"The election is incredibly important; there are obvious crucial foreign and domestic policy issues at stake, but more important is the overall global climate, which is becoming increasingly negative and divided, in my opinion," McKnight said. "I want people down there in an open-forum setting, talking about the issues, registering to vote and leaving with an inspired sense of purpose and pride regarding their role in the American political process."

FORECASTLE was politically oriented in its first two years, but McKnight has significantly upped the ante. He hasn't ignored the festival's original intent, however, which is to give Louisville musicians and artists a day of "solidarity and equal expression," he said.

Around 25 bands and 25 artists will gather in Tyler Park tomorrow from noon to 10 p.m. Stages will be set up on both sides of the park, with artists exhibiting in the tunnel that links the two sides. The basketball court will be filled with activist organizations.

Band highlights include The Children, Valley, SKL, Scaramongo, Arch, Ron Whitehead and Sarah Elizabeth, Bloom Street and McKnight. Notable artists include Bart Herre, Jeff Gaither, Matt Weir and Shannon Stelzer.

McKnight is optimistic that the increasing importance of this year's presidential election will result in newly registered and highly informed voters by festival's end.

"I've always felt an obligation as a U.S. citizen to get people involved in the political process. It's important to me that people understand that their vote can make a difference."

Performers scheduled for the West Stage are Scaramongo, The Children, Arch, Jamie Barns, Lucky Guns, Loretta, Is What?, Carolina, McKnight and Valley. On the East Stage: SKL, Nasty Nate and Mischief, The Bzzzz Project, secret guest, L&N, Pinata Me, Whitehead and Elizabeth, Erin and Lauren Wilson, Animal Hospital, Pocketfoxx and Bloom Street. There will also be some poetry.

Jeffrey Lee Puckett is SCENE's pop music editor. - The Courier-Journal



by Stephen George

If there's one thing local singer-songwriter JK McKnight should be lauded for, it is for being prolific. In the past month he has released two E.P.s: one by his band, the assaulting Vixen Red, and another by himself, appropriately titled JK McKnight.

He's been on the road for weeks at a time, floating through the region in a beat-down '84 Volvo, its trunk and back seat stuffed with an elaborate stage set that consists of plastic flowers, vintage lamps with red bulbs and an area rug that accompanies him to every performance, both solo and with band. Not to mention the half-stack into which he hotwires his acoustic guitar and effects pedals.
Last Saturday he kicked off an unprecedented 15-night stand at Wildflowers Caf‚ in the Highlands that runs until May 29. Then he's off to the South for a few more shows, then the Midwest for some more, and then maybe he'll come home and do some work for a change.

McKnight may be something of an anomaly among the ranks of the "typical" indie rock singer-songwriter. First and foremost, his tunes are not self-conscious. His lyrics are most often confident and direct, and he doesn't waste time moping about being screwed over by a woman or, worse, screwing himself.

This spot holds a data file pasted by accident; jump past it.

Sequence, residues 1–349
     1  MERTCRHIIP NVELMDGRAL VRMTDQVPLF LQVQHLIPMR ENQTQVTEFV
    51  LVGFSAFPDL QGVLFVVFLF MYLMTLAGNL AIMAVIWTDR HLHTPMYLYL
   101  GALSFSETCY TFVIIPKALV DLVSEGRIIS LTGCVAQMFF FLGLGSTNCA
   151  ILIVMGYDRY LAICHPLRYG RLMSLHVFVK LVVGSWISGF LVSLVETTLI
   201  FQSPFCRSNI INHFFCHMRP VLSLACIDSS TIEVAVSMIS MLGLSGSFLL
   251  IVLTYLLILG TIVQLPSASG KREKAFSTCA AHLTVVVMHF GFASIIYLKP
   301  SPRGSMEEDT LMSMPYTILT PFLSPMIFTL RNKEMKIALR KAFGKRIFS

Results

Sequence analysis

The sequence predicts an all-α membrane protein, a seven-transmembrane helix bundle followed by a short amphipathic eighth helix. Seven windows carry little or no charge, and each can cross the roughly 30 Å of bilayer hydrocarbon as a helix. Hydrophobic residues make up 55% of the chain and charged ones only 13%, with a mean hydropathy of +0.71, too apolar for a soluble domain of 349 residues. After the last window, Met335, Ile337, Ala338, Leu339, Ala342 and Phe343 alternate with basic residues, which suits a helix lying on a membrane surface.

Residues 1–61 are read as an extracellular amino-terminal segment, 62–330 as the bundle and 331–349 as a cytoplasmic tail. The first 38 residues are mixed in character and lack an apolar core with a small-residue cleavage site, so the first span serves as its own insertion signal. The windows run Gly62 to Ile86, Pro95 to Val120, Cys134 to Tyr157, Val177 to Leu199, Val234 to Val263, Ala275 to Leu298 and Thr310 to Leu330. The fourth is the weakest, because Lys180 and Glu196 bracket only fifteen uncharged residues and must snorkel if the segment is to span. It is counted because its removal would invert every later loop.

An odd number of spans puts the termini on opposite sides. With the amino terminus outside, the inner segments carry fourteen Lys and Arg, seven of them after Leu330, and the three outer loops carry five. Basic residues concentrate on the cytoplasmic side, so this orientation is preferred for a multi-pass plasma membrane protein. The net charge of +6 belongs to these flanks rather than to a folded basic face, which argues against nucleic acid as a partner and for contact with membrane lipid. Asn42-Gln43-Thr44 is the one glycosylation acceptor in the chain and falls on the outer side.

Secondly, his songs are surprisingly positive. His guitar playing is flurried and expeditious, constant and a little underexposed. He plays major chords, nothing too dissonant, his hands driving a beat through the strings. He's surreptitious on the guitar, and he'll remind you he's damn good every once in a while with surprising little solo parts.

Case in point: "Westward Bound," an upbeat and optimistic tale about a trip to the West with a loved one. Straightforward strumming with a few riffs here and there, and there's nothing catatonic or desperate in the lyrics, just the simple admission of excitement and gratification: And as we turn away/I see the sunlight high/bright now, and this experience we made/the acknowledgment of love, inside me, clouds beneath me. Lofty, yes, but in a much different sense.
For all the upbeat qualities of his solo record, he redeems the pissed-punk ethos on the Vixen Red's Sunrise and Nightfall in the Equestrian Sea, a truly angry scowl vaguely reminiscent of legendary fire-breathers Avail. The music (Joe Wheeler on bass, Justin Gordinas on drums) is crushing and huge - McKnight claims to have put more than 25 guitar tracks on a single tune. His lyrics are unapologetic and incendiary, riding as his voice jumps from a throaty, gravelly growl to a gentle, high-pitched whimper in a heartbeat.

McKnight is a perfectionist, and that quality shines on this record, full of quickly punched vocal lines and drifting guitar leads that noodle atop the thickness of distorted rhythm guitars, heavy bass and thunderous drums. The band (though most often McKnight) spent more than nine months at DSL Studios in Louisville recording the album. According to McKnight, his obsession over the record nearly prompted the sound engineer to quit.

If you're into things that don't really fit a mold, check this guy out. He'll be around.

JK McKnight and the Vixen Red's Sunrise and Nightfall in the Equestrian Sea are available at Better Days, ear X-tacy and through the Web sites www.jkmcknight.com and www.thevixenred.com.
Each of his performances at Highland Wildflowers Caf‚, 1559 Bardstown Road, starts at 9 p.m.

leo@leoweekly.com

Last changed: May 19. 2004 10:04AM


Return to the article list
Email this to a friend
- LEO (Louisville Eccentric Observer)


Making assumptions about FORECASTLE 2004: Election Year Special, is easy.

Collect a bunch of bands, most of which are young and outside the mainstream, and pair them with a long list of artists. Toss in a bunch of nonprofit organizations. Stage an outdoor festival in the Highlands.

To most, that would spell liberal. Very liberal. But organizer JK McKnight has a larger vision, represented by the inclusion of presidential campaign workers for the Republican, Democratic, Libertarian, Independent and Green parties.